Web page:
When a transit agency or rail operator makes a shift to a new payment system they enter a balancing act between the efficiencies and flexibilities newly available and possible disruption and displacement. And added to this challenge are new payment technologies such as wearables or contactless bank cards and shifting demands from passengers. With an increasing number of choices, I ask Laurent where they stand on these changes and if they strengthen or weaken their place in the industry:
“The beauty of open standards is that they are technology and media agnostic. And being independent of hardware they can be deployed anywhere. Yes, there are some new deployments of bank cards, as in London. But I don’t see us as having an incompatibility with a bank card and CIPURSE can still be used in conjunction with it. Plus also we need to consider that London is ahead of most cities when it comes to this technology. And there are also disadvantages of bank use – the data that smartcards deliver to transit agencies will be lost and questions of security and whether people want to be using their bank cards in this fashion. But I myself use a bank card to travel when in London for just a day and know that banks and OSPT have lots to share as our technologies converge.”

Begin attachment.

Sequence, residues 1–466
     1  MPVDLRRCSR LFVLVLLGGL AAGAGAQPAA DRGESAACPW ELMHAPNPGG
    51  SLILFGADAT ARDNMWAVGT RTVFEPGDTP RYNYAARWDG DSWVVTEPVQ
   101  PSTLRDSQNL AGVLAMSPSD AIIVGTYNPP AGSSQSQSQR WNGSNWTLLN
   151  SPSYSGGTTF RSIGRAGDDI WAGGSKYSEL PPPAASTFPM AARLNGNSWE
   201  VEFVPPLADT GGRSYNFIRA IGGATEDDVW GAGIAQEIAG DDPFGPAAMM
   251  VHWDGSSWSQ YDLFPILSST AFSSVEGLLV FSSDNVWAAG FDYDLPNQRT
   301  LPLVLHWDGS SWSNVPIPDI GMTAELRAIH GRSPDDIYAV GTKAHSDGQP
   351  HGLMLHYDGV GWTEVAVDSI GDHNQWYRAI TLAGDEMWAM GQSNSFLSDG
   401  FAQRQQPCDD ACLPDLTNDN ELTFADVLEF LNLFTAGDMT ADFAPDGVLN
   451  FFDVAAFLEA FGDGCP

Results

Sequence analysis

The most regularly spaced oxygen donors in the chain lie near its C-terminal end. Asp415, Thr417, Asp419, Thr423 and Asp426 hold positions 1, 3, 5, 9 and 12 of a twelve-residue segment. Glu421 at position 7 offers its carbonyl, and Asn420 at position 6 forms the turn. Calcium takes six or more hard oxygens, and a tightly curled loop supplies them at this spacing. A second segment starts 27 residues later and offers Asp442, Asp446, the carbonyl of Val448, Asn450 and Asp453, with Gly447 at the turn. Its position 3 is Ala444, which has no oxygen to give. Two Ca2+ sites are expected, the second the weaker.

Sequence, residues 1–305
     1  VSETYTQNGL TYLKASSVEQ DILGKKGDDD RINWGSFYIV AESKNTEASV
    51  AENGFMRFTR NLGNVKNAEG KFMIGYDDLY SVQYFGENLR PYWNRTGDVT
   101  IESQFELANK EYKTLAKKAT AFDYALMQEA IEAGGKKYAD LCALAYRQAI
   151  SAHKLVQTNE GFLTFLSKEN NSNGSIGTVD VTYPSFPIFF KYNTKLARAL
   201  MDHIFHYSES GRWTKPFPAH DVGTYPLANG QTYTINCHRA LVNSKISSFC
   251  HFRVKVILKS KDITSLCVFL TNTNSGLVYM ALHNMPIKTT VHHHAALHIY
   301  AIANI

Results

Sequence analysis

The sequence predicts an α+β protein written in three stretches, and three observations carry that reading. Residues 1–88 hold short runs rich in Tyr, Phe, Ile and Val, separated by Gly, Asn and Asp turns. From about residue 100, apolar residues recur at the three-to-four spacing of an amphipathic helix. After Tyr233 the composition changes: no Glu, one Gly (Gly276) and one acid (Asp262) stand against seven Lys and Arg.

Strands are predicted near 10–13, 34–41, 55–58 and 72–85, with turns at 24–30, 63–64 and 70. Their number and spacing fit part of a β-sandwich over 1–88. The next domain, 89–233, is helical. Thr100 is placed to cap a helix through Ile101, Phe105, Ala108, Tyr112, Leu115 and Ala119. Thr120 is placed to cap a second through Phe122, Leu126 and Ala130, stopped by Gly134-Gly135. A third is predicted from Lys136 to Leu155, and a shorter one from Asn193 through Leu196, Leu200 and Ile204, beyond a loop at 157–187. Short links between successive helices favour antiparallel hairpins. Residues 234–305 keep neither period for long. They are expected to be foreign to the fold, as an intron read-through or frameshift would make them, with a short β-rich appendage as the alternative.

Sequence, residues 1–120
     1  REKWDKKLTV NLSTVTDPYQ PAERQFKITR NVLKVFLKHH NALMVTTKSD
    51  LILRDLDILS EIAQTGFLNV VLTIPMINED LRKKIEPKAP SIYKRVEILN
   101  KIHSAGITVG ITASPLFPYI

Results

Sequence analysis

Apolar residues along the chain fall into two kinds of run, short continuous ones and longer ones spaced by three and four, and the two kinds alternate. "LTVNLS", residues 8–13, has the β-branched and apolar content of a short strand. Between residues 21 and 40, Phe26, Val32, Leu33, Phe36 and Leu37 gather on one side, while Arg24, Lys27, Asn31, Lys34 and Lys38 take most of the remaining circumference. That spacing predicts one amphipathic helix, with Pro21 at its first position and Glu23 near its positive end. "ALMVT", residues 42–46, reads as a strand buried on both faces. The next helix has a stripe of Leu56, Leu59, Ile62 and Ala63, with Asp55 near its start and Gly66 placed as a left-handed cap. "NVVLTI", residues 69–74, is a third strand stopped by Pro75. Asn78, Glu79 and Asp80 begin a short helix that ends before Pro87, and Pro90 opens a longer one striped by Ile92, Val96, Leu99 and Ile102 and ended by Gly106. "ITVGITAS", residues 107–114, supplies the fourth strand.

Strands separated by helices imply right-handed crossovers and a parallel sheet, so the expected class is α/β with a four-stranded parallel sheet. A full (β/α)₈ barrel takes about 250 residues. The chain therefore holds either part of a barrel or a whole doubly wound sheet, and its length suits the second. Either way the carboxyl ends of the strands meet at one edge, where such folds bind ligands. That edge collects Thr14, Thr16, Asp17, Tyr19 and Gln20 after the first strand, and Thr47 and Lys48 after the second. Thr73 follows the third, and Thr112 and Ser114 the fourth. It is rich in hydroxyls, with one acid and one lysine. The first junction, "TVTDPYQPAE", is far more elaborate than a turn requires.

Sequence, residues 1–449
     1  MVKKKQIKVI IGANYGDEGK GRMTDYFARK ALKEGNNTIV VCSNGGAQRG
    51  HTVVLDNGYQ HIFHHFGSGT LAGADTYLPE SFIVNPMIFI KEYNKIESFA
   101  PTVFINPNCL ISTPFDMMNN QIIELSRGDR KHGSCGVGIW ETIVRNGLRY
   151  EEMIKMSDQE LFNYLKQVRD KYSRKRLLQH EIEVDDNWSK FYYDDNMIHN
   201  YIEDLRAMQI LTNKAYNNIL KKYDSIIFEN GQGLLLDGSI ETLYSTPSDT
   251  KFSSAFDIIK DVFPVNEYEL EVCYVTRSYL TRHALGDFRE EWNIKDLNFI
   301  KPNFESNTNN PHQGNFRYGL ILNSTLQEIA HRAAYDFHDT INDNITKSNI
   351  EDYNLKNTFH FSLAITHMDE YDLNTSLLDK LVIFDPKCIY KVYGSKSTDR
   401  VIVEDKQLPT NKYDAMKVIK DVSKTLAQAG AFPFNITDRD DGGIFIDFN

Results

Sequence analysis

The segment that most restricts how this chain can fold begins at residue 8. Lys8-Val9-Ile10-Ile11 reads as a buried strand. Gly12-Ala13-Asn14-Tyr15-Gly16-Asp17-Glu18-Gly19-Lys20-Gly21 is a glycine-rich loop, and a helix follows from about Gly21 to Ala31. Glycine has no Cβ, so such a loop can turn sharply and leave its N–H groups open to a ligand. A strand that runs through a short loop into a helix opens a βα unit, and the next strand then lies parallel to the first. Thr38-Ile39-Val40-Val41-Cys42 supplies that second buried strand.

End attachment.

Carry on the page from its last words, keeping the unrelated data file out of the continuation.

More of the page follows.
It’s been a busy year for the OSPT Alliance with new members joining from South Korea, Brazil, Slovenia and more. And a further illustration of their open standards growth, on the day I spoke to Laurent the metropolitan transportation authority ATM (Autoritat del Transport Metropolità) of Barcelona announced they will start switching their electronic ticketing system from magnetic stripe cards to chip-based tickets in 2016 before being rolled out across Catalonia. The security chips for the “T-Mobilitat” smart card, made by Infineon is based on the CIPURSE standard.
"Smart transportation infrastructure is key for sustainable urban development," explains Josep Anton Grau i Reinés, CEO of the ATM on the confirmation of the launch; "With the ‘T-Mobilitat’ project based on the CIPURSE security standard we implement a very flexible, cost-efficient and particularly future-proof system. It allows us to offer multiple applications on various contactless devices including smart cards and mobile phones. This will increase passengers’ convenience and make public transportation more attractive”.
With the year coming to a close, I ask Laurent to conclude with a few thoughts on some priorities for 2016; “It’s a really exciting time for the Alliance. We launched in 2010, and after five years of building this year took us from the promise to the reality. We now have 11 products in the field, with up to 15 by the end of next year. We’ve grown into new territories such as Hungary and Brazil and are seeing members from new sectors – chip manufacturers are now joining for example. As we move into 2016 we’ll continue to see our shift from preparation to deployment. And with smartcards growing in their use, and the ability to use our standards across other emerging technologies, CIPURSE is only limited by your imagination!”
OSPT Alliance is hosting a free-to-attend webinar on Tuesday 8 December and Wednesday 9 December, on how its CIPURSE™ open standard can be implemented on near field communication (NFC)-enabled devices. Visit the website to register.